Sea Turtle

Sea Turtle

A sea turtle hatchling makes its way to the ocean on Blackbeard Island.

Courtesy of U.S Fish and Wildlife Service

Turtle Exclusion Device

Turtle Exclusion Device

Turtle exclusion devices (TEDs) allow marine turtles to escape fishing and shrimping nets while retaining most of the catch.

Courtesy of National Oceanic and Atmospheric Administration, Department of Commerce

Painted Bunting

Painted Bunting

As a result of changes in the landscape, the number of painted buntings (Passerina ciris), the most colorful songbirds in the state, declined by more than 50 percent in Georgia from 1966 to 2000.

Photograph by Amanda Heffron Morgan

Osprey

Osprey

An osprey (Pandion haliaetus) soars in the sky.

Image from Colby Stopa

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Peregrine Falcon

Peregrine Falcon

Peregrine falcons (Falco peregrinus), the world's fastest birds, reach speeds of up to 200 miles per hour as they dive for prey. Although use of the pesticide DDT during the mid-twentieth century drove the species to extinction in the eastern United States, peregrine falcons have recovered and often choose to nest in large urban areas like Atlanta.

Courtesy of U.S. Fish and Wildlife Service

Male Northern Bobwhite

Male Northern Bobwhite

The northern bobwhite (Colinus virginianus), also known as the bobwhite quail, is Georgia's state gamebird and is featured on one of Georgia's wildlife license plates.

Image from William L. Farr

Female House Finch

Female House Finch

The colorful and musical house finch (Carpodacus mexicanus) has taken over habitat once used by the house sparrow. From 1980 to 2000 the house finch population exploded in Georgia's suburbs and towns.

Image from Rhododendrites

Waterbird Nesting Colony

Waterbird Nesting Colony

Large colonies of waterbird nesting colonies, such as this one in south Georgia, form in the spring when high water levels provide protection from predators.

Photograph by J. Michael Meyers

Thomas Burleigh

Thomas Burleigh

Thomas Burleigh, recognized as the state's most important ornithologist, is the author of Georgia Birds (1958), the first comprehensive state bird book.

Courtesy of Warnell School of Forest Resources, University of Georgia

Swamp Habitat

Swamp Habitat

The Okefenokee Swamp, which floods about 400,000 acres in south Georgia, is an important wetland bird habitat. About 232 different birds can be found in the swamp, which provides habitat for 64 nesting species.

Image from George Gentry - US Fish and Wildlife Service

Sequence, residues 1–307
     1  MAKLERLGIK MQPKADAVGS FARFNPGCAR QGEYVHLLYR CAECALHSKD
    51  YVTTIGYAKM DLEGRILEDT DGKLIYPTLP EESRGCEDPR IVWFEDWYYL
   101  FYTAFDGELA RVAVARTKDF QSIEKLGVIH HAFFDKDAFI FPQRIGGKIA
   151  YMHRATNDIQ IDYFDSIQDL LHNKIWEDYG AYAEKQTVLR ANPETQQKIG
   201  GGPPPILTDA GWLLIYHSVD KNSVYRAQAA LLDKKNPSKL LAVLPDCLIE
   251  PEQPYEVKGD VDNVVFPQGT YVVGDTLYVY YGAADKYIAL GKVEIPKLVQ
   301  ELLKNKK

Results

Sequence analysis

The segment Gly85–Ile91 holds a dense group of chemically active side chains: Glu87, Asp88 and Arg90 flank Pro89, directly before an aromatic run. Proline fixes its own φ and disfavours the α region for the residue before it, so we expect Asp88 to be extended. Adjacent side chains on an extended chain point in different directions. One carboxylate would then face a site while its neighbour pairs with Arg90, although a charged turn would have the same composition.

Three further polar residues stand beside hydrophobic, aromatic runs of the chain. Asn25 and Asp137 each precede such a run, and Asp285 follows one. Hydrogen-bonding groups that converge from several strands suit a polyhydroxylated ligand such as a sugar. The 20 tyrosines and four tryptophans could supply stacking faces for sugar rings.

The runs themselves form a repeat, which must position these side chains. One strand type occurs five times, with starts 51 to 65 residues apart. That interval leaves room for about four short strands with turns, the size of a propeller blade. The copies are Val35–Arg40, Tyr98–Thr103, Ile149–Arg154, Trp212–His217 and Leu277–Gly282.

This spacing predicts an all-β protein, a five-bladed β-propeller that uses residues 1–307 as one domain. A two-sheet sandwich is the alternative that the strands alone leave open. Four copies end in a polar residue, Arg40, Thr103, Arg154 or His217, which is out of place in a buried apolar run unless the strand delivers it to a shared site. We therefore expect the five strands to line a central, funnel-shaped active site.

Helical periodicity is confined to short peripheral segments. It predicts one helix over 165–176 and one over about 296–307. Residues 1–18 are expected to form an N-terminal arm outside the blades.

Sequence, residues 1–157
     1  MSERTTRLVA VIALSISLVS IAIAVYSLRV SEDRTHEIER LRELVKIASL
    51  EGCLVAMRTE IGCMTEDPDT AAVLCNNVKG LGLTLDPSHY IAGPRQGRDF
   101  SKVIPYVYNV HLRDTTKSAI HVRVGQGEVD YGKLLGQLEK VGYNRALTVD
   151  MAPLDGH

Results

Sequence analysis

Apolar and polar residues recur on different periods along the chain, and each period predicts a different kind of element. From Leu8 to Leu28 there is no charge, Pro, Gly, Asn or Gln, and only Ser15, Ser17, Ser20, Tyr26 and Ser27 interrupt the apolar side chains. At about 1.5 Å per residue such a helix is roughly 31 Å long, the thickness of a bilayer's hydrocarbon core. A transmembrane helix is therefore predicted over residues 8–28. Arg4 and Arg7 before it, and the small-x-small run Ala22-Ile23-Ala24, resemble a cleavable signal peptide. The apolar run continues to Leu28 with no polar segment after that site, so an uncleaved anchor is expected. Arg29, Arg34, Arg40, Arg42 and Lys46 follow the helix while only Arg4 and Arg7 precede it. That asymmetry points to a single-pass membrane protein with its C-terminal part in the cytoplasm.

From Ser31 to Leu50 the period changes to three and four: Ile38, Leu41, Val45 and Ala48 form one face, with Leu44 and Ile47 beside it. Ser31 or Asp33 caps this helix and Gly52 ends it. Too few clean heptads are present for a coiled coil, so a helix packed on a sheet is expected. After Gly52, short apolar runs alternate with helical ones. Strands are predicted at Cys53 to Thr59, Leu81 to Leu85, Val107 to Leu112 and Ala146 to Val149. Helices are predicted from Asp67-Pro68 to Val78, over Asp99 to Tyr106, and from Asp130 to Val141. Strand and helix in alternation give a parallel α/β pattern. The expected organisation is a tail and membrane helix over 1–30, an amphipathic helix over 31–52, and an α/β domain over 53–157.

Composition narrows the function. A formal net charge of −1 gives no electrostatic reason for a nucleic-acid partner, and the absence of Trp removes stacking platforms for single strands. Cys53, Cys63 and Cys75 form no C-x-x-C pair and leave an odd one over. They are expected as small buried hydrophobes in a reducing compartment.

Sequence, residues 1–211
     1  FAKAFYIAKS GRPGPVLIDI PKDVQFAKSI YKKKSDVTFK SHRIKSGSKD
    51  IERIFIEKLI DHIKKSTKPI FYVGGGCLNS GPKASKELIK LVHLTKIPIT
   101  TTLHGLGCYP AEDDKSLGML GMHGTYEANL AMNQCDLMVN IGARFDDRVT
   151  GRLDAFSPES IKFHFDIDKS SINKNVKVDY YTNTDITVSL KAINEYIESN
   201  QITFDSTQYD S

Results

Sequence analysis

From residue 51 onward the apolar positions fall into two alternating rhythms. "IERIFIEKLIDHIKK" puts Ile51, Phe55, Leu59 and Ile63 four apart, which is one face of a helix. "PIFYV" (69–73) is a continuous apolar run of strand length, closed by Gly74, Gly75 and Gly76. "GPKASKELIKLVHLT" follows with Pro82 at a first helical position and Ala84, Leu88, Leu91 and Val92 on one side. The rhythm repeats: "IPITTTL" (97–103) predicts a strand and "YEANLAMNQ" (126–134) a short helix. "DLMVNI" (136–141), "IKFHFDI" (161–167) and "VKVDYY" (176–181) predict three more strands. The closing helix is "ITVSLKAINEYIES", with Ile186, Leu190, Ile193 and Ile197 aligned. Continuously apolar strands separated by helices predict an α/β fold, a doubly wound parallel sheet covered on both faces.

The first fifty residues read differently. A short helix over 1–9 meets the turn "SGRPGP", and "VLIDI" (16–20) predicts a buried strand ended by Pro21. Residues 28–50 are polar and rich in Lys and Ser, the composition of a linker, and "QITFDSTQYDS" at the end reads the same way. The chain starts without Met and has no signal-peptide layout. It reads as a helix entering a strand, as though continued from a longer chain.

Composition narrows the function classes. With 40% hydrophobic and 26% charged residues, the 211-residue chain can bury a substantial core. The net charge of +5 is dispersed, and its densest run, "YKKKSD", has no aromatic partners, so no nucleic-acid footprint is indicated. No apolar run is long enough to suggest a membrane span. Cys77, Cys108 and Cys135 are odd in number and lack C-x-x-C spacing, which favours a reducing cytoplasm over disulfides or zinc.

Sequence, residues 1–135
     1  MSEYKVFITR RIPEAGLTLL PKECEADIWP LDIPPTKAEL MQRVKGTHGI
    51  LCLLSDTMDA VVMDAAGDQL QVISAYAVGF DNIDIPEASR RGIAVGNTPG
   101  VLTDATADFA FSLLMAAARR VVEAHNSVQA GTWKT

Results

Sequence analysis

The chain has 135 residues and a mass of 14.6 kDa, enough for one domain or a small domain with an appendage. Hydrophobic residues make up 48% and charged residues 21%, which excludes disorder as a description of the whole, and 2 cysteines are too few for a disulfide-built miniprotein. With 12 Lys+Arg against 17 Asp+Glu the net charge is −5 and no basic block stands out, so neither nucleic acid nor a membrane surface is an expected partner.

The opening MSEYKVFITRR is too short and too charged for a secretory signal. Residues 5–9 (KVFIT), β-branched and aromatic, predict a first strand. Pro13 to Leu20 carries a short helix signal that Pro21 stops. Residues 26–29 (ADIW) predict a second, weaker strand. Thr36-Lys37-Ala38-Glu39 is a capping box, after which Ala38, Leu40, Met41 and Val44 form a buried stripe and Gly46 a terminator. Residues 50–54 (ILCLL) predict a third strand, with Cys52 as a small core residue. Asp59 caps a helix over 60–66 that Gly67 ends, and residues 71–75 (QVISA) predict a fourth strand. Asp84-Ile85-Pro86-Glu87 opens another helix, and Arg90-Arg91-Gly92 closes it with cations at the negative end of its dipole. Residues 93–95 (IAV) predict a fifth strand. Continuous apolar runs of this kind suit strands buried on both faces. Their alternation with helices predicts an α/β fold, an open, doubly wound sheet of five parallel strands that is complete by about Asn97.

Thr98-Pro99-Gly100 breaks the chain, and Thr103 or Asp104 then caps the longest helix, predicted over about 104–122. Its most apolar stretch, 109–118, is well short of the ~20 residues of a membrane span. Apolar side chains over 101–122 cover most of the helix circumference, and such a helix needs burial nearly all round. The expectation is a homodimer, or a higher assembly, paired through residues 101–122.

Great Egret

Great Egret

The interior maritime forest of Cumberland Island is studded with saltwater coves, freshwater ponds, and inland swamps, all providing shelter for such long-legged wading birds as the great egret.

Wood Storks

Wood Storks

Endangered wood storks in Harris Neck Wildlife Refuge. The refuge, located in Liberty County, is one of seven refuges administered by the Savannah Coastal Refuges Complex. The refuge's 2,762 acres consist of saltwater marsh, grassland, mixed deciduous woods, and cropland, which serve as home to many different bird species.

Image from Evangelio Gonzalez

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Bald Eagle

Bald Eagle

The bald eagle (Haliaeetus leucocephalus) has recovered from losses caused by pesticides, especially DDT. No nests were found in Georgia in 1979, but by 2004 eagles had nested in more than eighty locations in the state.

Courtesy of U.S. Fish and Wildlife Service

Osprey Nest

Osprey Nest

An osprey (also known as "fish hawk") nest. In the 1950s many ospreys died from eggshell thinning caused by chlorinated hydrocarbon pesticides (such as DDT). Nesting ospreys in the Okefenokee Swamp recovered after the pesticides were banned from use in the United States.

Photograph by J. Michael Meyers

Male House Finch

Male House Finch

The colorful and musical house finch (Carpodacus mexicanus) has taken over habitat once used by the house sparrow. From 1980 to 2000 the house finch population exploded in Georgia's suburbs and towns.

Image from Rick from Alabama

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Grand Bay Wetland Education Center

Grand Bay Wetland Education Center

Wood ducks fly over the Grand Bay Wildlife Management Area in Lowndes County, which includes the 18,000-acre Grand Bay/Banks Lake ecosystem.

Photograph by Julius F. Ariail Jr.

Bobwhite Quail

Bobwhite Quail

The bobwhite quail, pictured here on a 1987 first-class stamp, is Georgia's official state game bird. 

Courtesy of Smithsonian National Postal Museum 

Bobcat

Bobcat

Bobcats are one of the more than ninety species of mammals that inhabit Georgia. Bobcats generally feed on such smaller mammals as rats, mice, and shrews.

Photograph by Melinda Smith Mullikin, New Georgia Encyclopedia

River Otter

River Otter

As a result of habitat loss and the overhunting of fur, river otters were extinct in Georgia by the mid-twentieth century. After being successfully reintroduced, however, otters now thrive throughout the state.